DESPITE POOR REVIEWS,
CLINTON BOOK SETS ONE-DAY, NON-FICTION SALES RECORD
By Antoine du Rocher
NEW YORK, 23 June
2004In spite of less-than-enthusiastic reviews, first day sales for
Bill Clinton's My Life exceeded 400,000 copies in the U.S., it was
announced today by Sonny Mehta, president of the Knopf Publishing Group. The
audiobook edition is also setting sales records, with 35,000 copies sold the
first day. "This is a record-breaking number for a work of non-fiction," says
Mehta. "Indeed, we are seeing exceedingly strong sales for My Life not
only across the country but around the world."
Sales of the book have
hardly been affected by early reviews, which have been poor. (Most notable
among these was the devastating front-page review by Michiko Kakutani of the
Sunday New York Times, which dismissed the book as "sloppy, self-indulgent and
often eye-crossingly dull.") In fact, in light of the unprecedented demand from
retailers, Knopf printed an additional 725,000 pre-publication copies of My
Life beyond the initial print run of 1.5 million. Yet more printings are
planned to meet continuing demand from retailers.
surprisingly, much of the pre-publication media attention, including a
television interview on the American network CBS's 60 Minutes,
focused on Clinton's sexual
indiscretion with White House intern Monica Lewinsky, and the subsequent
reaction of his wife Hilary when he confessed to having lied about his affair.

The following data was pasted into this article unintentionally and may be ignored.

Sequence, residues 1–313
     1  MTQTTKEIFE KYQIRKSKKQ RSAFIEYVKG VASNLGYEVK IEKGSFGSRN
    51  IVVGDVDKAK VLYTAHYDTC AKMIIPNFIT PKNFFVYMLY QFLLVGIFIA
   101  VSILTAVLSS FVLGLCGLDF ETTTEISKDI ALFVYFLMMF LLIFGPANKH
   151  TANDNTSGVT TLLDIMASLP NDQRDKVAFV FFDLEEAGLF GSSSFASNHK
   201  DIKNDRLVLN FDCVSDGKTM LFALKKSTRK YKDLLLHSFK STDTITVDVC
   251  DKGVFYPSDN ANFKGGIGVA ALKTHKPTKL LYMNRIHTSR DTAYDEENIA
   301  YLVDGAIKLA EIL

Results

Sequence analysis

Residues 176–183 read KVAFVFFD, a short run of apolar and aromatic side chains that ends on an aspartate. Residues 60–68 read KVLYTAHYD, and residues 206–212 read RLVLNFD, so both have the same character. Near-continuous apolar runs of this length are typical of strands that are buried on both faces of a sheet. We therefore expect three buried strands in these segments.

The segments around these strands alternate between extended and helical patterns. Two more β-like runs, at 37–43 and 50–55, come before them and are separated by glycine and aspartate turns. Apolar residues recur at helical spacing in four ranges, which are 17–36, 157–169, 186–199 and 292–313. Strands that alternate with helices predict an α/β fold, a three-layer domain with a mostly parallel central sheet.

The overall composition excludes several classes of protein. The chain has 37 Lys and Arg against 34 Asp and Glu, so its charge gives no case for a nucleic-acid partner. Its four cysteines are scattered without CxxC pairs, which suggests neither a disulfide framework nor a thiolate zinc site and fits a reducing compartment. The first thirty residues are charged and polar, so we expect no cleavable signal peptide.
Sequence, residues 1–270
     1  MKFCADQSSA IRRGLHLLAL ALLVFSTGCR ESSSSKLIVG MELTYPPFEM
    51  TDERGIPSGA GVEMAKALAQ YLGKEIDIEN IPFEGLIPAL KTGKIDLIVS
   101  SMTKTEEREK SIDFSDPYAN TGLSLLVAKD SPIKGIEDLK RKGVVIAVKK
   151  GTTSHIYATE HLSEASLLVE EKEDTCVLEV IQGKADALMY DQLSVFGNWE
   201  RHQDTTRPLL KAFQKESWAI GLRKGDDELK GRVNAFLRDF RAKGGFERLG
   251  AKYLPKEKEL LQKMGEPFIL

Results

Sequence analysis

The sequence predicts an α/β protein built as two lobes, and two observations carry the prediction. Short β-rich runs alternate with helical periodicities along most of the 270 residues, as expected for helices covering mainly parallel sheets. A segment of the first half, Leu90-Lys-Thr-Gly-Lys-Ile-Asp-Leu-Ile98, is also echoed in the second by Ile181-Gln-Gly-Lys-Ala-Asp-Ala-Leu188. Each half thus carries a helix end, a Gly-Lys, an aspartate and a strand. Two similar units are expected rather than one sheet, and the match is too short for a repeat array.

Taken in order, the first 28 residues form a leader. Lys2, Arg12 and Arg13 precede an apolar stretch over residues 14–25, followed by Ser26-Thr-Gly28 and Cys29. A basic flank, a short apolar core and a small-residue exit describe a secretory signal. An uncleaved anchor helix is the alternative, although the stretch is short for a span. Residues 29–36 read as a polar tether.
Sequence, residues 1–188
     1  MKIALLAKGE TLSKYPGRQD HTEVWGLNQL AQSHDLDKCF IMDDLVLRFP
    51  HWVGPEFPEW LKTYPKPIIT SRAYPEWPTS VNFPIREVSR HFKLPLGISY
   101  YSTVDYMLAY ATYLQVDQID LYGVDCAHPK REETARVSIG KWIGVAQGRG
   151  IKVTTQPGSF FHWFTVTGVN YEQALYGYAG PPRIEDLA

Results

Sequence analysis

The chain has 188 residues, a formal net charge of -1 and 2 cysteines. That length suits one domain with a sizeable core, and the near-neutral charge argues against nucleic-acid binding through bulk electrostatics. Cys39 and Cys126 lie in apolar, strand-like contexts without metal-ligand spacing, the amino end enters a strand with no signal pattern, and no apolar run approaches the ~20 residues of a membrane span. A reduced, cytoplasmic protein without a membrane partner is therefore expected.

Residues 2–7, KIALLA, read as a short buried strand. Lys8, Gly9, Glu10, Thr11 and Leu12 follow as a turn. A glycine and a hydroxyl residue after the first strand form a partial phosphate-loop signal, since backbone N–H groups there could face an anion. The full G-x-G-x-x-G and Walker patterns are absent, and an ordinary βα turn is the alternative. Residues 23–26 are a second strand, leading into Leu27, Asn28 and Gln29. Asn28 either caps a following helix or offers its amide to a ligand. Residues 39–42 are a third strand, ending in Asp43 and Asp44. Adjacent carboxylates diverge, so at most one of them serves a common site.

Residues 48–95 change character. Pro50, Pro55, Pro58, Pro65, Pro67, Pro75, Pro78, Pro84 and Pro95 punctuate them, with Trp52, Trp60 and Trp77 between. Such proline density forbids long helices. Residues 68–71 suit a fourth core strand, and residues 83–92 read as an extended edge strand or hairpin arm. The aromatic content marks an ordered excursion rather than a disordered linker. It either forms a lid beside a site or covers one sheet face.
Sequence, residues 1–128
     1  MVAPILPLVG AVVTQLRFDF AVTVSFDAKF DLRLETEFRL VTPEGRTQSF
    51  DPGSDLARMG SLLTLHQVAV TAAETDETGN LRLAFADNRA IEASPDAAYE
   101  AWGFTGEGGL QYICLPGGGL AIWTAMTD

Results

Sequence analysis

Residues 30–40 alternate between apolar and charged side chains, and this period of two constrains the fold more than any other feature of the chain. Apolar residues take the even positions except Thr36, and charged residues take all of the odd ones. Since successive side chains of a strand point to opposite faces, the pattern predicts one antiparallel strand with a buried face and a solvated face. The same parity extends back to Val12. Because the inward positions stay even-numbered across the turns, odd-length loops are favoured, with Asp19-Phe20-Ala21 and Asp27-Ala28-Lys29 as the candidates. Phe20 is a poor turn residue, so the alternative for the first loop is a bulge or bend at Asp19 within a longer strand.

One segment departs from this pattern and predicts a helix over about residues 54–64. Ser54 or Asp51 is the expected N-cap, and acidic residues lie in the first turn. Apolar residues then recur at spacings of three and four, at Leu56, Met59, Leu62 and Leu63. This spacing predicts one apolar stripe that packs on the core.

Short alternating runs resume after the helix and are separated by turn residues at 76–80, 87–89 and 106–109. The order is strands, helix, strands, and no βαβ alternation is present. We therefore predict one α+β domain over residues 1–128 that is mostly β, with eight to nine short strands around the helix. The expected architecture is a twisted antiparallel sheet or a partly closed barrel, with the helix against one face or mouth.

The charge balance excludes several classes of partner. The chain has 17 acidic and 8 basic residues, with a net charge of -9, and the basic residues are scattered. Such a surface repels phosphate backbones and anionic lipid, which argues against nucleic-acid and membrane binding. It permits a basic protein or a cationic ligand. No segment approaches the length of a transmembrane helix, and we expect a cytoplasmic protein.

For all the hype surrounding the book, there was little in-depth assessment of
the memoir in terms of Clinton's domestic record, such as attempts at health
care reform or the economic boom of the 1990s, or American foreign policy, such
as his efforts in the Middle East.
One can only speculate the effect
the book will have on the presidential elections in the White House in
November. Even at his most "eye-crossingly dull", Clinton is far more
charasmatic and engaging than the rather hang dog candidate Kerry. More
importantly, Clinton's claim to have warned Bush about Al-Qaeda as he was
leaving office (http://news.scotsman.com/international) could
remind the electorate of how the Republican administration dismissed the
threat posed by Islamic fundamentalism that has since come to define the
Antoine du Rocher is a French cultural journalist and
writer based in New York. He is also a member of the editorial board of
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